Of Ships and Spectacles: Maritime Identity and the Politics of Authenticity in Regency London

Oskar Cox Jensen

Research output: Contribution to journalArticlepeer-review


This article considers three case studies – the first aqua-drama at Sadler's Wells in 1804, the naumachia in Hyde Park of 1814, and the launching of HMS Nelson at Woolwich, also in 1814 – in order to discuss maritime spectacle in Regency London. I identify an essentially political distinction between the representation of ships and the role of sailors, linked to wider questions of authenticity as understood by contemporary London audiences. I argue that the Thames riverscape itself contributed to Londoners' self-identification as nautically literate connoisseurs, unlikely to acclaim spectacles they perceived to be inauthentic. By this reading, the maritime spectacles of early nineteenth-century London constitute a misstep in a longer and more successful history of nautical theatre and melodrama, that remained fundamentally entangled with questions of democratic representation, the real versus the represented, and London's maritime identity.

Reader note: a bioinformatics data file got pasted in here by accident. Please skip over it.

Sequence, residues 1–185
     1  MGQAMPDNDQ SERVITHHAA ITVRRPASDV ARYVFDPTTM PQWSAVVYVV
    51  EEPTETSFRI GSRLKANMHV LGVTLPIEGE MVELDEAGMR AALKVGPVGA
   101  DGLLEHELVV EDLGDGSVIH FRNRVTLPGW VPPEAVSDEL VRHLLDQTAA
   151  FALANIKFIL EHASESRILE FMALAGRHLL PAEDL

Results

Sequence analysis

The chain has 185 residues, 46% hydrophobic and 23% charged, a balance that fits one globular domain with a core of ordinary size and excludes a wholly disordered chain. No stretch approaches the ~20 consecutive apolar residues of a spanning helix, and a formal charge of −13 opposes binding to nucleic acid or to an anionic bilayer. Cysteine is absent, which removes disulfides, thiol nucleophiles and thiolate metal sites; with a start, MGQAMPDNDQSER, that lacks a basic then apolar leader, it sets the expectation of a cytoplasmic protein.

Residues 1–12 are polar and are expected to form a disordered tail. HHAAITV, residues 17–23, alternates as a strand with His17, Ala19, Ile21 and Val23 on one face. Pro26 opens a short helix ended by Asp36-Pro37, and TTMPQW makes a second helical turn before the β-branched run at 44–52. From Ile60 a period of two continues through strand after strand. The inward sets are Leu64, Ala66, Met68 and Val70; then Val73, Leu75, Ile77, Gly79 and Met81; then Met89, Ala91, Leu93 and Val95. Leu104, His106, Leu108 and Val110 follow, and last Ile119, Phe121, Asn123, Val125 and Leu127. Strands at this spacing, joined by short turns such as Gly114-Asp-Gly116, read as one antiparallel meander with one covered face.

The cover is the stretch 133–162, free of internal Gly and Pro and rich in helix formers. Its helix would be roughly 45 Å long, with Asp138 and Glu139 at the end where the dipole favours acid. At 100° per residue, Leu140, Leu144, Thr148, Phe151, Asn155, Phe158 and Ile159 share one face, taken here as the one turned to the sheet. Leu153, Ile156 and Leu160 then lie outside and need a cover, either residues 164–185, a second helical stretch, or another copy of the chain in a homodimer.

Original languageEnglish
Pages (from-to)136-160
Number of pages25
JournalNineteenth Century Theatre and Film
Issue number2
Publication statusPublished - 1 Nov 2019

Cite this